Chemical Exposure and PELs
The Occupational Safety and Health Administration (OSHA) has mandated Permissible Exposure Limits (PELs) for over 500 toxic chemicals that pose serious health risks to employees that work in manufacturing, agriculture, hair and nail salons, construction, automotive, mining, and metal working industries. Exposure to toxic chemicals can lead to cancer, respiratory illnesses, burns, eye injuries, damage to the nervous and immune systems, and reproductive issues.
Research used to compile the list of safe levels of exposure to toxic substances was conducted in the 1950s and 1960s. Many of the current PELs are outdated and leave many workers in danger of toxic levels of exposure. Employers have a legal responsibility to provide a work environment that is free from unnecessary risks and hazards. OSHA is working on updating their PELs, but in the meantime, employers must seek current information from reliable sources to ensure they are not putting their workers in danger.
Where Can Employers Find Reliable Information on Current PELs?
In addition to information from OSHA’s PELs, employers can rely on several other organizations for the most current information regarding safe levels of chemical exposure. The American Conference of Governmental Industrial Hygienists, the National Institute for Occupational Safety and Health (NIOSH), and the American Industrial Hygiene Association developed databases of safe levels of exposure to commonly used chemicals.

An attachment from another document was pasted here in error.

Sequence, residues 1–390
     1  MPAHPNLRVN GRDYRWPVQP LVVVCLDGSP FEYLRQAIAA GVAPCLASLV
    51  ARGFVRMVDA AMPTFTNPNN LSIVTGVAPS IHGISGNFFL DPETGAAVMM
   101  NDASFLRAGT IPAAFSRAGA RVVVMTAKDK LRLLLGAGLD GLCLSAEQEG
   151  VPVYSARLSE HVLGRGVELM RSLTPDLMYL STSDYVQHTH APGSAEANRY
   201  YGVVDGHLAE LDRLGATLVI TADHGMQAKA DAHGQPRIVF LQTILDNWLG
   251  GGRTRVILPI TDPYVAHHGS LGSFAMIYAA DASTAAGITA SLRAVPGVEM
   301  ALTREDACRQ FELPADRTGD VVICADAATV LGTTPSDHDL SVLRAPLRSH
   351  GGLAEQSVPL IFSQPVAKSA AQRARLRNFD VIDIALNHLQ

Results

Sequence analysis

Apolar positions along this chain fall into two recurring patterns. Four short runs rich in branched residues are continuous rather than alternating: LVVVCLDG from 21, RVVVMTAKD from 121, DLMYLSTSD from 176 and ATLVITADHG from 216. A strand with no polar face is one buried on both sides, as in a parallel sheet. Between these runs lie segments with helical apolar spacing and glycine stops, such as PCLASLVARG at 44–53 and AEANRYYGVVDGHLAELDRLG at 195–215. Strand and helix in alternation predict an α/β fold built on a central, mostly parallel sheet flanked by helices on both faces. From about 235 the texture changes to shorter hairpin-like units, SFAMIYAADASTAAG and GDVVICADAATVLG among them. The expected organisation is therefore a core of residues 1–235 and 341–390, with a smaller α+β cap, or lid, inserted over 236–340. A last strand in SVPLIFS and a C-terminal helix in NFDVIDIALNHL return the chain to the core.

All three of these agencies include the maximum safe airborne concentration levels of common chemicals in their database. Their information is based on the latest research for each of the chemicals listed and indicates the level of exposure that is least likely to result in health complications. Scientific information, data, and research are used to continually update these databases.
Even with this added information, employers must still conduct their own research to determine how to keep their employees safe. Chemicals can be listed in several different ways on the databases. The compound’s chemical name, pseudo names, and the scientific formula that identifies the compound should all be researched. Careful investigation is the only way to ensure if employees are at risk for toxic exposure.
Developing a Safety Plan to Protect Workers
A well-developed safety plan is essential to protecting workers from dangerous levels of chemical exposure. The safety plan should include:
- Written documentation outlining specific safety procedures
- Consistent monitoring of air quality
- Ensure workers have personal protective equipment, such as respirators when necessary
- Routine medical evaluations and testing
- Proper training on safe handling of toxic chemicals
- Routine training, inspections, and maintenance of safety equipment
- Consulting with reputable safety equipment providers to match personal protective equipment with current air quality in the workplace
Employers also have a responsibility to monitor OSHA updates to their PELs. As the agency works to revise their PELs with current data, compliance with current information is mandatory.
Bucks County Work Injury Lawyers at Freedman & Lorry, P.C. Help Workers Suffering from Chemical Exposure
If you developed an illness or suffered injuries due to chemical exposure at work, the Bucks County work injury lawyers at Freedman & Lorry, P.C. can help. Call us at 888-999-1962 or contact us online for a free consultation. Located in Philadelphia, Cherry Hill, New Jersey, and Pinehurst, North Carolina, we serve clients throughout Pennsylvania.